Plitvice Lakes National Park (Nacionalni Park Plitvička Jezera) is located in a mountainous and half-wild corner of Croatia. It has been a park since the 1890s and was a notable tourist attraction in the time of the Yugoslav kingdom. Rebecca West and her husband visited there in 1937 on the tour that became the subject of Black Lamb and Grey Falcon. That book was where I first heard of it. The park was nationalized by Tito’s government in 1949, and 30 years later UNESCO put it on its World Heritage list.

(A brief note about names: Plitivice (‘PLEET-veet-seh’) is the name of the local region (there doesn’t seem to be a town or village with that name) and the lakes (jezera, singular jezero) from which the park takes its name are officially the Plitvička Jezera (PLEET-veech-ka YEZZ-a-ruh), which in English would be something like ‘Plitvitsian Lakes.’)

The Plitvice Lakes
The lakes lie in a deep valley surrounded by mountainous and heavily forested country, where not only foxes and deer, but wolves, bears, wild boars, and lynx can be found. The park is a refuge for a small population of wolves, hunted almost but not quite to extinction, which is beginning to increase again, not through transplants or imports, but on its own native base. Plitvice is also one of the few places in Europe still inhabited by brown bears. (Slovenia also has some, and the rest live in the Carpathian mountains east of Hungary.)

The park includes about 113 square miles, more than three quarters of it forested. The lakes, which attract by far the greatest number of visitors, occupy a comparatively small area in the center, and they are what we had come to see. (The authorities wisely leave the forest alone, and haven’t opened it up to tourism, which doubtless explains why a large and varied animal population still thrives, or at least survives, there.)

In a different environment, Plitvice might be home to a deep canyon with a foaming torrent racing through it, instead of a chain of 16 lakes whose water tumbles from one to the next down what in places looks like a large, uneven stairway. But the water that enters the valley comes from the Dinaric range: high mountains of limestone and dolomite — both of which minerals consist mostly of calcium carbonate, another name for which is chalk. This substance dissolves into and permeates the water of streams that pass over it. One such stream, named Bijela (‘white’), and another named Crna (‘black’), unite, shortly before they reach the valley, into a single river called the Matica (which has several meanings, one given as ‘mainstream,’ so perhaps it’s to be understood as ‘Main Stream’).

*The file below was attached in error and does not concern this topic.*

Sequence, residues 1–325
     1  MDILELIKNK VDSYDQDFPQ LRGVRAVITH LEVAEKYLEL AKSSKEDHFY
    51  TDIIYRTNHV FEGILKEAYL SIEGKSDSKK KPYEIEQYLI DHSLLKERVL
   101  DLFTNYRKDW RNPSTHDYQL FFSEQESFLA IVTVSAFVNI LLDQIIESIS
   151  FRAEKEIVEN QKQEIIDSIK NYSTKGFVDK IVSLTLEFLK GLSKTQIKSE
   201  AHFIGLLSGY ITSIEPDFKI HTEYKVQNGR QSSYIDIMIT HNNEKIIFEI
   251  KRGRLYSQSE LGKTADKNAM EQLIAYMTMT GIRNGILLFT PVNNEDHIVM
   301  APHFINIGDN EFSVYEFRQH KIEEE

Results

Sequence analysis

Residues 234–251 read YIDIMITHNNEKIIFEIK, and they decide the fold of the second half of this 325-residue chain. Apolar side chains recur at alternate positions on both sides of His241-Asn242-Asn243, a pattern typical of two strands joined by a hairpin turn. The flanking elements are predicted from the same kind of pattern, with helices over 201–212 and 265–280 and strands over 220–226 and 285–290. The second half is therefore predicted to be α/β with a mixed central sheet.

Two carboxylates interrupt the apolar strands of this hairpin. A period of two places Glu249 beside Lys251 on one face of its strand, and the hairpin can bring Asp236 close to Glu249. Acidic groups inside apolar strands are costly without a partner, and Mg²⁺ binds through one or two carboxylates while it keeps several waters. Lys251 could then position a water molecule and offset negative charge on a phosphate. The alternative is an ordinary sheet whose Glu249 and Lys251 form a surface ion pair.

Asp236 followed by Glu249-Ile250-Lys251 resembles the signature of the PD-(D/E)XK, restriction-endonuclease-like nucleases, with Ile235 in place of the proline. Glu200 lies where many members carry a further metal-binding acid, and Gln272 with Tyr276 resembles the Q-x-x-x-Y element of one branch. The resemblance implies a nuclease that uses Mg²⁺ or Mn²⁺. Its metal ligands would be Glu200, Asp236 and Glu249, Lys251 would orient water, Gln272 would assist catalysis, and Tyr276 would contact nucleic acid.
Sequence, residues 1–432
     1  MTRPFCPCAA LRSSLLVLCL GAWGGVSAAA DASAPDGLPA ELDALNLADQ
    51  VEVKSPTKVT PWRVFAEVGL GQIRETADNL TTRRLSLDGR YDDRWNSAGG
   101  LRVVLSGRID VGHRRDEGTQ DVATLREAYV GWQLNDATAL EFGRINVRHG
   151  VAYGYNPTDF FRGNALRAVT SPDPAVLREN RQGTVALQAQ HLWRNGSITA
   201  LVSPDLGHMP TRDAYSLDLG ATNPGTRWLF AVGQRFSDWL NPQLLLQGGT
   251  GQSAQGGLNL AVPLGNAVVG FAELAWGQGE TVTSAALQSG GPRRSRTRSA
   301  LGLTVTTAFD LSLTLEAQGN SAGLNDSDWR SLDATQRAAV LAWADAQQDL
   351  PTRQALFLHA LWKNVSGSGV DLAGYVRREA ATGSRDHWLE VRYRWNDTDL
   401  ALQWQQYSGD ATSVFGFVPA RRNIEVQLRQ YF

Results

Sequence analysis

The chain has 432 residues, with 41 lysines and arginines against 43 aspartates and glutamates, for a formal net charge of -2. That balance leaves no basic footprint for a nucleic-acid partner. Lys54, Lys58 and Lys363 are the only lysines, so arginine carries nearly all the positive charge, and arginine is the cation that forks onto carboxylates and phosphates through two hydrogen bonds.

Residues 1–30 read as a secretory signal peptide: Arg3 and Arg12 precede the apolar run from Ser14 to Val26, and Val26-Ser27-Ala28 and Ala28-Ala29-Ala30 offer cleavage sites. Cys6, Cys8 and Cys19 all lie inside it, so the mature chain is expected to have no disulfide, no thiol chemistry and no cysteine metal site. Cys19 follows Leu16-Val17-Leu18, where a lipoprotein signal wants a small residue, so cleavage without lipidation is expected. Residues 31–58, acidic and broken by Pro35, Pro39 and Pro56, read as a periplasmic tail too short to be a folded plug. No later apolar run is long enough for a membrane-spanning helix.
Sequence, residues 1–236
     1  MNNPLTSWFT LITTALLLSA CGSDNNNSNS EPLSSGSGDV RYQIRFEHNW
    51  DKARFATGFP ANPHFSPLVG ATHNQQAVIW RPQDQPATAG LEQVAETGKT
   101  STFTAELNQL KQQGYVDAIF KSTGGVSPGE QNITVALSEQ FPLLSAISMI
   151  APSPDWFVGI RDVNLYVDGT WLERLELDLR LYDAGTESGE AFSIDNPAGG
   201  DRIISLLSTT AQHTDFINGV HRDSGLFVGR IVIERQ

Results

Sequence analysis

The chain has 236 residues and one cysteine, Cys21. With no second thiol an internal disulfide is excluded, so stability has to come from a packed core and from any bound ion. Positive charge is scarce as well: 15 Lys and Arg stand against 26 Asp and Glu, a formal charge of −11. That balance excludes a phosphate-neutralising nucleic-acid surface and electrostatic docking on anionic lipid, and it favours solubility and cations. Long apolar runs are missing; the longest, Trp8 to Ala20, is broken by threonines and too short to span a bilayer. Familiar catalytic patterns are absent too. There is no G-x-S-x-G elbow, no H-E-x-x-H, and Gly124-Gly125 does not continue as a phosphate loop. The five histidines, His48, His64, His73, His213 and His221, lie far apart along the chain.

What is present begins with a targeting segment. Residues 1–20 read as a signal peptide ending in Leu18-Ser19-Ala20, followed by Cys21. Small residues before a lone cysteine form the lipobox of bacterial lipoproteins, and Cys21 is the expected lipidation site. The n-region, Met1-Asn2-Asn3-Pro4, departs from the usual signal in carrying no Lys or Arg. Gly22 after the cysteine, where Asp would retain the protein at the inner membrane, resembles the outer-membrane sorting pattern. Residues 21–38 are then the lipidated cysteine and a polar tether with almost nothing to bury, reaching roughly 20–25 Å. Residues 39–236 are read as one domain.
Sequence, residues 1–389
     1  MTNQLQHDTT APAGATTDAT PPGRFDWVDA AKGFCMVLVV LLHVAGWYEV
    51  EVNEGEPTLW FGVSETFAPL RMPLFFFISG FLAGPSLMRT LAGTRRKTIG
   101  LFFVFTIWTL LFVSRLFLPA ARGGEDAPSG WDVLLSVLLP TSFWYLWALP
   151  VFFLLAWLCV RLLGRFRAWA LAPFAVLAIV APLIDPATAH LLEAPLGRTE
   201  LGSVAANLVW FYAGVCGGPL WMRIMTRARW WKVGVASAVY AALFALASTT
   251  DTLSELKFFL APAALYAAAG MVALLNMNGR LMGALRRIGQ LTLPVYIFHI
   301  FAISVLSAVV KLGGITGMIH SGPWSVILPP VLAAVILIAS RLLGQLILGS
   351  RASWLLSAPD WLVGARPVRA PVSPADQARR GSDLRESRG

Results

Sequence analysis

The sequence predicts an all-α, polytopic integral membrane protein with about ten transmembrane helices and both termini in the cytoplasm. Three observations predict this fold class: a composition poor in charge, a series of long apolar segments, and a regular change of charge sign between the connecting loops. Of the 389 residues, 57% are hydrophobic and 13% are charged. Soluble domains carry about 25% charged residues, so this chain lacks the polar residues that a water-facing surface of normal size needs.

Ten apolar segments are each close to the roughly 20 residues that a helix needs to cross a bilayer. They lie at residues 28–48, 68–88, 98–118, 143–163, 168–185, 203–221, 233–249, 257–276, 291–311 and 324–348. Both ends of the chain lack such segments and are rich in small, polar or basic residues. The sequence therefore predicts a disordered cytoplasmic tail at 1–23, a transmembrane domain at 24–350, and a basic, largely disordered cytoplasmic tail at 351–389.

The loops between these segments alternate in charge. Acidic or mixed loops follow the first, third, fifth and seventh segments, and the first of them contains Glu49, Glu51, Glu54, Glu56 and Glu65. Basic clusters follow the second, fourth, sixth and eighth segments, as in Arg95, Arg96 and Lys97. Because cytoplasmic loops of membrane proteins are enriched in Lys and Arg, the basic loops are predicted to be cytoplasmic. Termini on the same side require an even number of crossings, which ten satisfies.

In places where the stream hits a rocky obstacle, the calcium carbonate tends to precipitate out of solution and stick to any plants and mosses growing nearby. (At Plitvice this process is aided by the presence of certain species of plants, algae, and even bacteria that thrive in the alkaline environment.) Gradually the plants and moss become coated in a layer of soft, chalky rock. They die, but new shoots keep growing on top, and these in turn attract their own chalky coating. As the pile builds up, it hardens into rock, and eventually forms a solid barrier to the water’s flow. The barrier can add as much as a centimeter to its height each year. That doesn’t sound like fast growth, but in a geological context (which this is) it’s practically warp speed.

The same process — dissolved calcium carbonate precipitating out of solution — is what causes stalactites and stalagmites to grow where water drips in limestone caverns. But in the lightless environment deep underground, with no members of the vegetable kingdom present to assist, stone takes much longer to grow.

Travertine barrier